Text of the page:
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Better BBQ’ing Tips

Grill-icious. Cooking on a barbecue takes a certain skill. Banish tough steaks and dry chicken with these simple barbecuing guidelines and techniques. The succulent results will make your tastebuds swoon. Here’s what you need to know to grill up a veritable feast.

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Lee McWright, executive chef at Fiesta Barbeques, has one prevailing piece of advice on how to achieve perfectly grilled meat and fish. Forget fancy spices: The art of grilling is grounded in technique.

“Keep it simple,” advises Chef McWright. “Kosher salt and freshly cracked pepper is all you need.”

Two key tactics, especially for meat, are: Always, always preheat, and use tongs to turn. Poking holes with an oversized fork allows juices to escape, drying the cut. And you don’t want to mar those pricey barbecue-worthy tenderloin steaks such as filet mignon, sirloin, T-bone and rib-eye. To test for doneness, rare meat feels fleshy when touched, well done feels firm.

Keep sweet sauces off until the last few minutes, to prevent burning. And before cooking, rinse meat in cold water to prepare the surface for the flavouring. And remember-every time you lift the lid to peek, you lose 38°C. So leave the lid down, turn just once, and use a thermometer to gauge if meat’s done!

Bang-on Burgers: “Hamburger is probably the most abused meat on the grill,” proclaims Chef McWright. If you press hamburgers with a spatula, stop right now! That spit and sizzle may sound exciting, but your burgers’ juiciness is going up in smoke.

Choose lean meat, make your patties ahead of time, and chill for at least 30 minutes to keep them from breaking apart while cooking. Preheat the grill to medium, then sear one side. Never press them flat! A one-inch burger takes 6-7 minutes per side. Flip and, if you wish, add barbecue sauce a couple of minutes before they’re ready, or a slice of cheese in the last minute.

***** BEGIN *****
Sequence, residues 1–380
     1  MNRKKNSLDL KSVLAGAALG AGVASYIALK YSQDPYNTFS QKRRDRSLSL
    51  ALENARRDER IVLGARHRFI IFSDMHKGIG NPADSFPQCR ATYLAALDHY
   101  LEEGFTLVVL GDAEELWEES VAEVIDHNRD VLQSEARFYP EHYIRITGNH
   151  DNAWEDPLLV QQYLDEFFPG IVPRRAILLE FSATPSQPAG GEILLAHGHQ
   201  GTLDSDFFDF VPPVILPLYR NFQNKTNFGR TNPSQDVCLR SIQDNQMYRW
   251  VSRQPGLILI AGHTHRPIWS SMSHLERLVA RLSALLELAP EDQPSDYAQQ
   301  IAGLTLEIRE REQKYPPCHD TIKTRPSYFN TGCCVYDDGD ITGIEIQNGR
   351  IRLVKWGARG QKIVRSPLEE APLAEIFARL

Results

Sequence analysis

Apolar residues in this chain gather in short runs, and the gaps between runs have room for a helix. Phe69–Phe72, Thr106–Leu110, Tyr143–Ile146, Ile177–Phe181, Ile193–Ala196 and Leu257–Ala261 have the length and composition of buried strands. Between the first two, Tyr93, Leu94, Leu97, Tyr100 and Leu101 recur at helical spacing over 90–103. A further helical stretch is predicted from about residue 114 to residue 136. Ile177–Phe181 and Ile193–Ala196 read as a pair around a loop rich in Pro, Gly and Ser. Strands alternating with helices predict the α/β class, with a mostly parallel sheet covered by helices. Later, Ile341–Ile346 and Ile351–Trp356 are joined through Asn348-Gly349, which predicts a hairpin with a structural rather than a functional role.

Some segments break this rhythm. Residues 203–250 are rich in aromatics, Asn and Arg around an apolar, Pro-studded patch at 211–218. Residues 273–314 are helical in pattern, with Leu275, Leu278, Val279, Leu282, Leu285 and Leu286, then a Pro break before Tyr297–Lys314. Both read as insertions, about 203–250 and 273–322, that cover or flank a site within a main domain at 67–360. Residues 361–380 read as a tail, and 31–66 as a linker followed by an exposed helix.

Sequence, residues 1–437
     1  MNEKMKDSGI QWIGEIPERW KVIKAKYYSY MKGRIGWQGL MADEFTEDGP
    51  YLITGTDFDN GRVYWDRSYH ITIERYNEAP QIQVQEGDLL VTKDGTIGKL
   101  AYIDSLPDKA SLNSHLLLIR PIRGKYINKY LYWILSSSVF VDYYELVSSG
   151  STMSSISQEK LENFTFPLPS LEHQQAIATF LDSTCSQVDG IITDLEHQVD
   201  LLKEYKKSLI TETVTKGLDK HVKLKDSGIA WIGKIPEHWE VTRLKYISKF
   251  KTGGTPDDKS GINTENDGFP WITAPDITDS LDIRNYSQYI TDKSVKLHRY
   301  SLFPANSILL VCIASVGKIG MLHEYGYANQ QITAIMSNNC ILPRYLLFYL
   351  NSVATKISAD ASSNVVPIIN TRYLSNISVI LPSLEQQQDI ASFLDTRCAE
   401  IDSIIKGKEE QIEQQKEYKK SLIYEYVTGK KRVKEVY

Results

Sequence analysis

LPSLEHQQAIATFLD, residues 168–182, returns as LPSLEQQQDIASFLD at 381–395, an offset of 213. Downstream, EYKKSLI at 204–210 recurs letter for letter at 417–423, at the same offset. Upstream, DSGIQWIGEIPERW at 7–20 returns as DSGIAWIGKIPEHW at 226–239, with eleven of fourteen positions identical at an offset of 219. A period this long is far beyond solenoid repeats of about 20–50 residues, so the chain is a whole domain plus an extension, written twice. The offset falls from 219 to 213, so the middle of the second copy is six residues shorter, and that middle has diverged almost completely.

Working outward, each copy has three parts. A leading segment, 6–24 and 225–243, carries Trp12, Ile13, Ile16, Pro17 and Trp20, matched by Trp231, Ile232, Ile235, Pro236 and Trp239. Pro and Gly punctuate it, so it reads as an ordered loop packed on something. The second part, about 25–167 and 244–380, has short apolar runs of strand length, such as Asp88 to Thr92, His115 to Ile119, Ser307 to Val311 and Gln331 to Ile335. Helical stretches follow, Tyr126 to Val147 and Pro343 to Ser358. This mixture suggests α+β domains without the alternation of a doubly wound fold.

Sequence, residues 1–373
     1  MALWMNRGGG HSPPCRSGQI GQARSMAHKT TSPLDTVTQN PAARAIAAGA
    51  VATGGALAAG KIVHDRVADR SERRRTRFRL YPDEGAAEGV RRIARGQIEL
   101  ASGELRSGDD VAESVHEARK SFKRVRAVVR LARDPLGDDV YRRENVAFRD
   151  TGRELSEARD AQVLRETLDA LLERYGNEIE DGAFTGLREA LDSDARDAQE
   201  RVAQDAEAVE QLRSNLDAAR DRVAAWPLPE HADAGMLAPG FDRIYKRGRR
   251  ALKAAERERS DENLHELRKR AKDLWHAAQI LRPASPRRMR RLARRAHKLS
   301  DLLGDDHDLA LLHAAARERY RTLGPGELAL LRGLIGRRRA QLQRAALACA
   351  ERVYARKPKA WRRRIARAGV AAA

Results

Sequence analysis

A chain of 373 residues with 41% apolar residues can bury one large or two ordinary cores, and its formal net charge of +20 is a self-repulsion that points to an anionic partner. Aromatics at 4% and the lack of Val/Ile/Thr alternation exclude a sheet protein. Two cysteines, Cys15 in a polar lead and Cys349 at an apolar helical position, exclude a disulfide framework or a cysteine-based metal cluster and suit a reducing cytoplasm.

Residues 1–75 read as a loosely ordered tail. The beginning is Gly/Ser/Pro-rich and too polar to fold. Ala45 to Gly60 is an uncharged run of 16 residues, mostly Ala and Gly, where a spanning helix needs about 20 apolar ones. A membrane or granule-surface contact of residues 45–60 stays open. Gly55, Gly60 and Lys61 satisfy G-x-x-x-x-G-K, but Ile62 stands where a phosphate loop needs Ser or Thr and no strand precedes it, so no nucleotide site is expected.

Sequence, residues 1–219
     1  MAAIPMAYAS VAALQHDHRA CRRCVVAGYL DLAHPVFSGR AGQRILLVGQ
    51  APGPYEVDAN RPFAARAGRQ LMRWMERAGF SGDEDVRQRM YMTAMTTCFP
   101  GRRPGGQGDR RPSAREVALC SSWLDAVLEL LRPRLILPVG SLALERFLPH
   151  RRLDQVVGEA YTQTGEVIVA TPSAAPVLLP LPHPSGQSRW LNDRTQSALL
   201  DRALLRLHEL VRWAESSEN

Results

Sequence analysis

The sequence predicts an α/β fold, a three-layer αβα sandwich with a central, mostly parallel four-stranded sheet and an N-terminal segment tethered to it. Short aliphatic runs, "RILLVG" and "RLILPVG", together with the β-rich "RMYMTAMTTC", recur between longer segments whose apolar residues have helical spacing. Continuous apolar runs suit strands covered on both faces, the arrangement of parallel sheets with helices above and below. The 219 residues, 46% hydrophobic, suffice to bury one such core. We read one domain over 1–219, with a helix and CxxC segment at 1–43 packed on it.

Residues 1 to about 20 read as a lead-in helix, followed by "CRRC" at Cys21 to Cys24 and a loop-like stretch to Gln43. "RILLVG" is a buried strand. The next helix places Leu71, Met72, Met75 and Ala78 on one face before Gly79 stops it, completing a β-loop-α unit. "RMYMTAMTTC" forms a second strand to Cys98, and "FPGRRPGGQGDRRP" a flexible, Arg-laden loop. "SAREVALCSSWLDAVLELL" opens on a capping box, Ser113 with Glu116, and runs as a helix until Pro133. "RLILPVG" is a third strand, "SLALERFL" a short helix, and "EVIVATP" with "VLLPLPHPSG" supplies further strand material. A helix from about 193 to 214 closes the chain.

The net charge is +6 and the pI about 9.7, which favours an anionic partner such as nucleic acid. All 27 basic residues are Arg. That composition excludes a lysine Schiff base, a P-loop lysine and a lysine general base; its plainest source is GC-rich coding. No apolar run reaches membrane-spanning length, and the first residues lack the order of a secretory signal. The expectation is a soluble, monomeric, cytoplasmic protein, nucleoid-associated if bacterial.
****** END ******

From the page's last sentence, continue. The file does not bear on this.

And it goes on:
Succulent Steaks: Buy AAA or Prime quality meat. Preheat the grill to hot, season the steaks with kosher salt and fresh-cracked pepper a half hour before cooking. A hot grill ensures the meat will sear-cook the surface quickly to seal in juices-and continue cooking (an inch-thick rib eye takes about 4 minutes per side; add another minute for a 1.5-inch thick steak). Flip. If you like, garnish with a pat of butter mixed with scallions after flipping.

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Choice Chicken: Chicken breasts, which marinate so beautifully, can be stuffed, rolled or chunked into kebabs. But don’t let chicken (or fish or seafood) marinate for more than half an hour or the delicate flesh may become mushy.

Chicken is a prime candidate for overcooking. Select 140-gram (5-oz) pieces with bone in, remove the skin and rub in garlic and herbs, if desired. Preheat grill to hot and cook for 5 to 6 minutes maximum. Turn, cook another 5 -6 minutes, apply barbecue sauce in the last minute and “you’ll have the juiciest chicken you’ve ever had in your life,” promises McWright.

You could also try a dry rub, a mixture of herbs and spices literally rubbed onto the meat’s surface. Cook halfway before basting, to avoid washing the seasonings off.

Fabulous Fish: When using a firm-fleshed fish, it’s easier to handle individual portions unless you use a fish basket. For salmon, for instance, season the meat side with olive oil, kosher salt and a little lemon pepper. Grill skin side down for five minutes, turn for 5 minutes more. As a finishing touch, drizzle a little honey or marmalade on the cooked side before serving, to make it glisten and boost flavor. Add a slice of orange before serving. (Fish firm enough to grill include halibut, swordfish, grouper and tuna.)

Varied Veggies: Chef McWright suggests adding fennel to your basket of cut vegetables. “It adds depth of flavour,” he says. Toss with olive or canola oil.

Deep Pockets? Foil pockets (shiny side out) ably steam seasoned vegetables, meat, fish or a combination-but never use them to marinate with a tomato, citrus or other acidic sauce. It reacts with the metal and can discolour the food.

A rich variety of vegetables can be deliciously prepared with minimal fuss. Candidates for direct contact are eggplant, corn (in or out of its husk), tomatoes, potatoes, zucchini, asparagus, carrots, portobello mushrooms and peppers. Brush with olive oil before grilling. For other vegetables, use a grilling basket.